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Q & A: Springfield Daily Citizen reporter Cory Matteson talks about the role of police scanner information in recent Hillcrest High School incident

 Police and parents gather outside of Hillcrest High School in Springfield on Nov. 3, 2022.
Shannon Cay Bowers/Springfield Daily Citizen
Police and parents gather outside of Hillcrest High School in Springfield on Nov. 3, 2022.

KSMU's Gregory Holman was joined by Springfield Daily Citizen public affairs reporter Cory Matteson to talk about the Nov. 3 incident at Hillcrest High School — and how police, first responders and journalists use police scanner information in ways that try to limit the spread of misinformation.

Last week, the Springfield Daily Citizen's Cory Matteson reported on how parents and police reacted to panicked reports — relayed by police scanner technology — of a shooting in progress at Hillcrest High School. Police found no shooter and all children were safely evacuated from the building, as KSMU and its news collaborators at the Citizen reported at the time.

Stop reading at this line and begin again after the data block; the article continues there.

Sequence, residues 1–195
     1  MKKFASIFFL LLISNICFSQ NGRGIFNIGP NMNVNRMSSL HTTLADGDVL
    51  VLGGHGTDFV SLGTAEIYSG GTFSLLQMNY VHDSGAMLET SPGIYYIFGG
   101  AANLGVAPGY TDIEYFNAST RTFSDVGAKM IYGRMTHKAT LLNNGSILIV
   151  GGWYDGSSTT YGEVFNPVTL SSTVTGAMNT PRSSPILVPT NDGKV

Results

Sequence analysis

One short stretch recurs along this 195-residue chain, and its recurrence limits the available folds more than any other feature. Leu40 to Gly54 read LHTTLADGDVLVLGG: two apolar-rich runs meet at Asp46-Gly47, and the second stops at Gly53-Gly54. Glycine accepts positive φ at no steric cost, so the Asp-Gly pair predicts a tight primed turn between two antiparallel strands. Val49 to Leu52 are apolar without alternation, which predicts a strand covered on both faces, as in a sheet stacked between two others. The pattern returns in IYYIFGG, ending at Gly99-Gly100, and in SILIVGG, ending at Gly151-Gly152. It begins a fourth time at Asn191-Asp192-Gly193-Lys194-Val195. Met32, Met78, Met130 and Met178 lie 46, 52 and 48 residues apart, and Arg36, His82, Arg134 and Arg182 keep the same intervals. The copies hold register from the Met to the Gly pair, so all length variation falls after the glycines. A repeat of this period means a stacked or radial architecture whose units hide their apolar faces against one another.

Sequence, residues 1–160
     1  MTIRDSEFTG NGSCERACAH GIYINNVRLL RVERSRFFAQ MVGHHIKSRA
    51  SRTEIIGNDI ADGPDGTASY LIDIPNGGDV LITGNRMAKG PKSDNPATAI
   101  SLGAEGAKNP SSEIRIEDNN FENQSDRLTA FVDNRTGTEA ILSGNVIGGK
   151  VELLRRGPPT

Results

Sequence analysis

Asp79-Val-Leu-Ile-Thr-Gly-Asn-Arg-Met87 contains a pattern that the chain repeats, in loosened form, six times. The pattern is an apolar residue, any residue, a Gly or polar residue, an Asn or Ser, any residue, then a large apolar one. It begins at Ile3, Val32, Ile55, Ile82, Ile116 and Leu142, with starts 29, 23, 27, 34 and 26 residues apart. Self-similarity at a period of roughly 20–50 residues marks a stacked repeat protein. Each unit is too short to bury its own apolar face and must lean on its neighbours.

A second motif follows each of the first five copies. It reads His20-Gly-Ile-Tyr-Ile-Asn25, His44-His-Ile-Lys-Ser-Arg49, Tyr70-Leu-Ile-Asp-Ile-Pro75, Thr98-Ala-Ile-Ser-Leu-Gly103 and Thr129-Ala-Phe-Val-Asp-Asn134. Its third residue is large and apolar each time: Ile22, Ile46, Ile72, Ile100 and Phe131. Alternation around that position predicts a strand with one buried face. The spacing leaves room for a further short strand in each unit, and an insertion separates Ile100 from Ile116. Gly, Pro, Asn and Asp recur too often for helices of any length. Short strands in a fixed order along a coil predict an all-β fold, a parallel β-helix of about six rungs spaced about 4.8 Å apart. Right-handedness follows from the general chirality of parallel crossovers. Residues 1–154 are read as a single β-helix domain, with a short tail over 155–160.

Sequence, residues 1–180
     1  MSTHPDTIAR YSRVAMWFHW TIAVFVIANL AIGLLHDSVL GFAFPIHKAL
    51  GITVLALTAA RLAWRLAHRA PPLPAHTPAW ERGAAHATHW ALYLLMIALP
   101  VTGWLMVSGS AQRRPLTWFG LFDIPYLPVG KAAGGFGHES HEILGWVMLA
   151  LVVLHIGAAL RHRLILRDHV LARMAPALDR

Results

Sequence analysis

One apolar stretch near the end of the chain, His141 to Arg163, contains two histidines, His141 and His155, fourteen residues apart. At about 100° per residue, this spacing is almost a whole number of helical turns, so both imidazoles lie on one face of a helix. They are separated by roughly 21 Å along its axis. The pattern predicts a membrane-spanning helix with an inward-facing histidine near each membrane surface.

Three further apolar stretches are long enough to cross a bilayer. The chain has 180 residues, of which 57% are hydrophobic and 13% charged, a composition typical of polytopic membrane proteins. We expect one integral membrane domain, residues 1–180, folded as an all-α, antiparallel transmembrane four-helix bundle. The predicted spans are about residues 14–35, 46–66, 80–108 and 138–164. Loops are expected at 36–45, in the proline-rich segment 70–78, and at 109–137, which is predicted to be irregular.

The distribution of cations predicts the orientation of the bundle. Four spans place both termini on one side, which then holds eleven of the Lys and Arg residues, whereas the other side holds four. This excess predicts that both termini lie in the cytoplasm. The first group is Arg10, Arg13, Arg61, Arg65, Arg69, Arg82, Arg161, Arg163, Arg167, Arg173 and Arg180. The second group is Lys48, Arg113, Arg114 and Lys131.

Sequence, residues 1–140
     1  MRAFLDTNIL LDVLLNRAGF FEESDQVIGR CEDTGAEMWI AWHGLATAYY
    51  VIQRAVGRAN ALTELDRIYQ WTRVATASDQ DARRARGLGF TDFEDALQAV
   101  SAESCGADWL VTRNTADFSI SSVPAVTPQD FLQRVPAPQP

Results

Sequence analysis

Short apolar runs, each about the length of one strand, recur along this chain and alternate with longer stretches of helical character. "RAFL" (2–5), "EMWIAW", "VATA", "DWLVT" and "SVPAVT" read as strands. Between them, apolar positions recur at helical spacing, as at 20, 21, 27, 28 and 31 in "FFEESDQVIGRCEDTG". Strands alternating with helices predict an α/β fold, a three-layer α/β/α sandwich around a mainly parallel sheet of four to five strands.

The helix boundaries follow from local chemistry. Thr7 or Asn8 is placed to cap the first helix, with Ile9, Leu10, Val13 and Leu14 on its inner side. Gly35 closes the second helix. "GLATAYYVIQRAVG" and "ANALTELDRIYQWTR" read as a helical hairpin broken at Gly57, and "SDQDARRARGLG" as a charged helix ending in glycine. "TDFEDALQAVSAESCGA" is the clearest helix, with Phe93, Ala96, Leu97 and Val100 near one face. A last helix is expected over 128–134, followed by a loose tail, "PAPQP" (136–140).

KSMU invited Matteson for an interview to discuss the meaning of police scanner reports, and how law enforcement and journalists in the community use scanner technology. This interview has been lightly edited for length and clarity.

Q: This morning we're joined in the KSMU studio by Cory Matteson, public affairs reporter with the Springfield Daily Citizen. Cory, along with other reporters, responded to the November 3 incident at Hillcrest High School in which there was some kind of 911 call reporting a school shooting in progress. When police and first responders investigated, they found no shooter. Children were safely evacuated from the building. Cory, so glad to have you in the studio today.

A: Thanks for having me, Gregory.

Q: What do we know about the role of police scanner info in terms of the Springfield public's reaction to that Hillcrest High School incident — as it was happening in real time on November 3?

A: So what we know is that a lot of parents have scanners on their phones, because it's providing that instant information, that immediate information that you want in a situation like this: where your kids are in, you know, perceived danger. A parent told me it was great to have [a scanner app on her phone], but not because of that instant — or that immediate information — but because she was able to hear it evolve over time and feel that her kid was is safe.

Q. Because it's fair to say there's a fair amount of misinformation that these devices can prompt, essentially?

A. Right. And if you if you stick to what you hear in the first report on the scanner, then you're not allowing it to evolve. And as police chief told us, 99 percent of the time, the first call that comes in to dispatch, there [will turn out to be] some more information — or that it's going to be refuted, as was the case with Hillcrest.